Microsoft calls for international convention on digital surveillance


by CBR Staff Writer| 23 January 2014

Also demands new international measures to safeguard human rights and individual privacy.

Microsoft is calling for an international convention to formulate surveillance and data-access rules across borders over government access to consumer data in the wake of NSA surveillance activities.

The software major has also proposed new international measures to safeguard human rights and individual privacy.

Microsoft general counsel and executive vice president of legal and corporate affairs Brad Smith said that while there is no alternative for American leadership and action on these issues, now is the time for a broader international conversation.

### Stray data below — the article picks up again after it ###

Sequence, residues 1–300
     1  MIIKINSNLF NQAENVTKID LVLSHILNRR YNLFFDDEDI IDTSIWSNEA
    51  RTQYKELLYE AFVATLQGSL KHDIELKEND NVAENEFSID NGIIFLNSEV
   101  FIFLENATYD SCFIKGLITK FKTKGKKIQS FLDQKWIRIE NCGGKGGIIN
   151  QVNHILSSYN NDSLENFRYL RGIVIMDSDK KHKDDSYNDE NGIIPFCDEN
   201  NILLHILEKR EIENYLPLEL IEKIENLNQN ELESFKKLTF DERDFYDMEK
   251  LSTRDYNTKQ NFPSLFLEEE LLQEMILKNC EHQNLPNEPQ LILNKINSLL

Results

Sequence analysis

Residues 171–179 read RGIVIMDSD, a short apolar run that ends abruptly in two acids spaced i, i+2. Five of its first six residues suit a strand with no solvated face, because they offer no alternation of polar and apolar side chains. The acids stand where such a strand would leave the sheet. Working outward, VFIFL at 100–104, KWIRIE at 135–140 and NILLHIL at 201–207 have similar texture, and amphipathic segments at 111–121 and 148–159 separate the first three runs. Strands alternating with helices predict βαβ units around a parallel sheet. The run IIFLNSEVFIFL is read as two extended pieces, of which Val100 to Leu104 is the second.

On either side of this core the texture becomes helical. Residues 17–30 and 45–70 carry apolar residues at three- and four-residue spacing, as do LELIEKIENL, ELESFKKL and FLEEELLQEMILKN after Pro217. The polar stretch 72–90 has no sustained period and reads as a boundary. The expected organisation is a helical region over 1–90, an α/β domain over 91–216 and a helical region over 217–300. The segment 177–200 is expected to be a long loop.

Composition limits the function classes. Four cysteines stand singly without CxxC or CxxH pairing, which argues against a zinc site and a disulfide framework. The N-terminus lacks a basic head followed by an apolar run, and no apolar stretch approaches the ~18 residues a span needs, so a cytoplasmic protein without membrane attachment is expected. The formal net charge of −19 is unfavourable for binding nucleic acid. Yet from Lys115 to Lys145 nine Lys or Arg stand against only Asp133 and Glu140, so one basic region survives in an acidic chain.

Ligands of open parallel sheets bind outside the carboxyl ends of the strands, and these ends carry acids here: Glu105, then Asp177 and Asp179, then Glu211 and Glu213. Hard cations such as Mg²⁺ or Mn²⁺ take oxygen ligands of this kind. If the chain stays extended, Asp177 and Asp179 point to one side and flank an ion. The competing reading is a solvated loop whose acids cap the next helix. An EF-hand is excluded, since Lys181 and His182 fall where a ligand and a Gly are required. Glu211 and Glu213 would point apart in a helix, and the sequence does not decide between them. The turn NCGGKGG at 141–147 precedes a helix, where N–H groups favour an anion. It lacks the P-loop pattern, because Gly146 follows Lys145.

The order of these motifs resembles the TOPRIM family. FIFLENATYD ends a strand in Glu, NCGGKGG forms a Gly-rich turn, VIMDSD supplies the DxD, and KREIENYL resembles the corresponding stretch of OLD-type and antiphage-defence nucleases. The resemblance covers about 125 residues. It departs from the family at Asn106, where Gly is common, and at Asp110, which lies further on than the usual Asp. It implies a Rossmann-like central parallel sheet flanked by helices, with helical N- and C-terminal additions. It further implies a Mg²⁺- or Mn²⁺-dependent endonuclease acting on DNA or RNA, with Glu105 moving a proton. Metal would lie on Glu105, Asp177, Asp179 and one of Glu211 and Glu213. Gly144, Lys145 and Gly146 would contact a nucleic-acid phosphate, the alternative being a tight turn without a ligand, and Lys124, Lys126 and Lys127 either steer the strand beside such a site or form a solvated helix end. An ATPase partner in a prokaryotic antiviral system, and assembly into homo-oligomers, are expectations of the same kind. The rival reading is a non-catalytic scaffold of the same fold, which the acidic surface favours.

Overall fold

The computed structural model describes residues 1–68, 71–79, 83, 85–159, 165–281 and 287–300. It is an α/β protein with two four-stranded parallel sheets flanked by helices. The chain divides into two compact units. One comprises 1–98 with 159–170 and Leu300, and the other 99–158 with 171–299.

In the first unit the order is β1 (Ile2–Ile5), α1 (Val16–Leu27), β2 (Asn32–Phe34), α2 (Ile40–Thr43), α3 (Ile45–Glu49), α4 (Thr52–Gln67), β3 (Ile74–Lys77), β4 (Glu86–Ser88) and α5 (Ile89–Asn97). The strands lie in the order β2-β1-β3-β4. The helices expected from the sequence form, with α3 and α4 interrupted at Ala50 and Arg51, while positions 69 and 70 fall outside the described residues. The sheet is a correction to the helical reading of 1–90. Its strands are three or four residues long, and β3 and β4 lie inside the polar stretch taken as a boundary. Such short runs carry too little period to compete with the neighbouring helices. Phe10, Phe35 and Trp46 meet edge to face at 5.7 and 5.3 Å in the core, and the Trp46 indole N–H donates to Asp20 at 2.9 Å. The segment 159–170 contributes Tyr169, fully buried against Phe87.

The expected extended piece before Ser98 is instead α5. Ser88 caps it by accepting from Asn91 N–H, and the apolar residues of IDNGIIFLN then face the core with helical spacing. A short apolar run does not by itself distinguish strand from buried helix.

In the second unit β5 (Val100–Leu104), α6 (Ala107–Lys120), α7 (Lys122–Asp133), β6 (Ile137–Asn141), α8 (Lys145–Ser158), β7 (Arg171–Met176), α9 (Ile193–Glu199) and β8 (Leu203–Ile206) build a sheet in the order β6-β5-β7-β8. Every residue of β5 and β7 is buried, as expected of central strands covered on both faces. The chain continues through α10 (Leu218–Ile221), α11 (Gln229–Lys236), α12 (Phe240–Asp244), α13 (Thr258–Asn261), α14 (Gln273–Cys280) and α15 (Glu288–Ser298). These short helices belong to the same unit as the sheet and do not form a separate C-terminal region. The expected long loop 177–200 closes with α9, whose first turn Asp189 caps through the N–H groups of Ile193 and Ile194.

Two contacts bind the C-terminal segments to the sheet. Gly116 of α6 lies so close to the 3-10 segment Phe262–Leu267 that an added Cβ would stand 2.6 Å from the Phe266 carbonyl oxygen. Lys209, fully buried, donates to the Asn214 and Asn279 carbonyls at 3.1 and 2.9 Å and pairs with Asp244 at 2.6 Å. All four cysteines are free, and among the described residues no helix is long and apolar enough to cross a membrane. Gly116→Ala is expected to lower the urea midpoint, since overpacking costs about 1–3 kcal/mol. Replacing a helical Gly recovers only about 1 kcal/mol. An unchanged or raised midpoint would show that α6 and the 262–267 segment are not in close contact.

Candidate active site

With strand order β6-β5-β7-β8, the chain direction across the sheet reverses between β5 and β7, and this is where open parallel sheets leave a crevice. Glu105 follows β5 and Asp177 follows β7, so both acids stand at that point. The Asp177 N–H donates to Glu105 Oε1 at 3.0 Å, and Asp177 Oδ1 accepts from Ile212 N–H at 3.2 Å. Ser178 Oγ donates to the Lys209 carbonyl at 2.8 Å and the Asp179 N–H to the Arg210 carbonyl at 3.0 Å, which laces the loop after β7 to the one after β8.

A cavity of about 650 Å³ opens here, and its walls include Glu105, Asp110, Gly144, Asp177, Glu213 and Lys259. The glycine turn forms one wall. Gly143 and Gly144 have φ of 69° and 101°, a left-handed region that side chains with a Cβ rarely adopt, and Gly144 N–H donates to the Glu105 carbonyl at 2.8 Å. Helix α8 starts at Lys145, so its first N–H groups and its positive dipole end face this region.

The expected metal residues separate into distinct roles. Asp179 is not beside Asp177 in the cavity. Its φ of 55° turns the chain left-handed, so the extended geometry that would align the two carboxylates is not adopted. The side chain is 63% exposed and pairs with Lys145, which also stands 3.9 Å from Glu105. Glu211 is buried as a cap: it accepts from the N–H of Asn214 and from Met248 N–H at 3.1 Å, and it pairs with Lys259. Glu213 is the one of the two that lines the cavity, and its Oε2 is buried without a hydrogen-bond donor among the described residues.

"The issues of the last year have reminded the world that the strong protections afforded by the US Constitution and in US law seldom apply to other countries' citizens," Smith said.

"In addition, we've all been reminded that surveillance takes place by governments internationally.

"And as industry reports make clear, governments around the world demand access to customer data.

"As a result, we need to broaden the topic and bring together governments to create a new international legal framework."

The convention, which should respect human rights and individual privacy, also has to assure that governments ask for data regarding the private citizens of the other participating nations through legal policies and due process.

Microsoft also proposed establishment of new procedures in support of public safety that facilitate sensible access to information while assuring appropriate privacy safety for individuals.

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